Re: Newbie question about db normalization theory: redundant keys OK?
Date: Fri, 14 Dec 2007 08:13:30 -0800 (PST)
On 14 Dec, 15:49, "Tony Rogerson" <tonyroger..._at_torver.net> wrote:
> > You didn't specify any reason why you thought Joe's design was wrong.
> > There is no obvious reason for confusion just because a teacher's name
> > changes - at least not as far as the data model is concerned. Users of
> > the data need a way to identify their teacher but how would an
> > "artificial key" help? I never knew any of my teachers as 1234.
> I thought I had.
> On my printed off time table it states 'Ms Fred', now, half way through the
> school year while on a term break the teacher gets married and is now called
> 'Mrs Sid' - how does my timetable now link back to the original entity - it
> can't, now, I return back from my holiday and wander around campus looking
> for a teached called 'Ms Fred' but to no avail.
> Now, a new teacher starts towards the end of the school year, called 'Ms
> Fred', this is a completely different person from the one at the start of
> term, in fact they teach cooking rather than engineering; now, my timetable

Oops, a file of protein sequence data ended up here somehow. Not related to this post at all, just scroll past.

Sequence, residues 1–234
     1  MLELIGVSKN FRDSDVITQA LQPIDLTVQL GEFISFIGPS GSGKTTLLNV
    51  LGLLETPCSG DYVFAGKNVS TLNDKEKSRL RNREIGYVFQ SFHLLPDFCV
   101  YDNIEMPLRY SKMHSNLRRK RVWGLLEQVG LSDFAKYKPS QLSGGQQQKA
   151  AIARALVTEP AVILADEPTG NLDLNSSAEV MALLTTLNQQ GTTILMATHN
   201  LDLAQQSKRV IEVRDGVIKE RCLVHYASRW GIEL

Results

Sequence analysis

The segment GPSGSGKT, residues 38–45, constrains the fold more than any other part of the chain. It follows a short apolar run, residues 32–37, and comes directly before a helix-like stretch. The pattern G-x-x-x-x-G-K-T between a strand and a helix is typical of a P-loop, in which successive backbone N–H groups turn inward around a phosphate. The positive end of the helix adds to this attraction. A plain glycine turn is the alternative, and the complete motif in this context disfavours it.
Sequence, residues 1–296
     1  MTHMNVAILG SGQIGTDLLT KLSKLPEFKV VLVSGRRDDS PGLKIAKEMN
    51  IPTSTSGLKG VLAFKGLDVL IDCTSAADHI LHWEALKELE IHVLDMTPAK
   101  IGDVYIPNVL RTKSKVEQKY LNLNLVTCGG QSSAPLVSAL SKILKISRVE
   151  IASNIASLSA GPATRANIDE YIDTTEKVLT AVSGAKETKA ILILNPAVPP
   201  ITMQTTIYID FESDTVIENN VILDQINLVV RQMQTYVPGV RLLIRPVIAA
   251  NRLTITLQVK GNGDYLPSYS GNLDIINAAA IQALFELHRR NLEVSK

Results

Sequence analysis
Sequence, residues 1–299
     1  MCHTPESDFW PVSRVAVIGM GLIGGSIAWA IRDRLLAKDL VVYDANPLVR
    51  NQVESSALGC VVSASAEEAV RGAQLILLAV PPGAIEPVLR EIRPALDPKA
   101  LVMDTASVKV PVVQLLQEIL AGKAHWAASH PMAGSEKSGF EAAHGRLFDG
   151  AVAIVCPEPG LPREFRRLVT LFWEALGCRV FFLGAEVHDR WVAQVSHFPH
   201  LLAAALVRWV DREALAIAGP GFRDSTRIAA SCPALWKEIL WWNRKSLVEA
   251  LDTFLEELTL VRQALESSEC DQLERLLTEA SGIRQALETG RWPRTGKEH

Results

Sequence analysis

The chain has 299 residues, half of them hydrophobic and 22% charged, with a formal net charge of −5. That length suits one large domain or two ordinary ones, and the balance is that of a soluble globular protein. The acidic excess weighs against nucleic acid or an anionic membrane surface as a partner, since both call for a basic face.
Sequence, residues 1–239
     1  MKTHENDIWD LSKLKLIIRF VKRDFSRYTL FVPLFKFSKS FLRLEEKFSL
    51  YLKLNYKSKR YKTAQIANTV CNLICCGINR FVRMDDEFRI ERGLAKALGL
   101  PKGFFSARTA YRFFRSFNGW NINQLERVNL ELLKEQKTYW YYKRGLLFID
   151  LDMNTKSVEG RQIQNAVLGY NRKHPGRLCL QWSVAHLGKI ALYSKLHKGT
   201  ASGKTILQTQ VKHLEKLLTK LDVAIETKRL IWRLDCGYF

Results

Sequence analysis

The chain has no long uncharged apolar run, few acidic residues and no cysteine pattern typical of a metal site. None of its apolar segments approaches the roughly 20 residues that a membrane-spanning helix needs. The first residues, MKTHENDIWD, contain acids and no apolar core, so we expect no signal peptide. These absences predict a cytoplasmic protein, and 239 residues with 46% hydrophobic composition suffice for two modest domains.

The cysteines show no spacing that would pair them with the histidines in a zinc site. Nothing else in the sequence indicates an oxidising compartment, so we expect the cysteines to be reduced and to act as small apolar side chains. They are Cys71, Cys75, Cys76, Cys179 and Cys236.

> correctly links up and I can find my teacher - 'Ms Fred', only, the problem
> is I'm at the wrong class - I no longer recognise the subject content - what
> breaking eggs and cooking cakes has to do with engineering?
> Do you see my point yet?
If the database is correctly updated to reflect any name changes then no problem arises. If there is a requirement to reflect the history of previous names then that information can also be recorded. In either case I don't see any call for anything like an "artificial key".
> Another one is somebody I do business with in Microsoft for the community,
> she recently got married - she cannot change her email address because if
> she did when we emailed her it would bounce because we would be using the
> old one.
> These are all problems with using the natural key - the natural key changes!
> You need to create an imutable key; never changes so these real problems can
> not and do not occur.
-- David PortasReceived on Fri Dec 14 2007 - 17:13:30 CET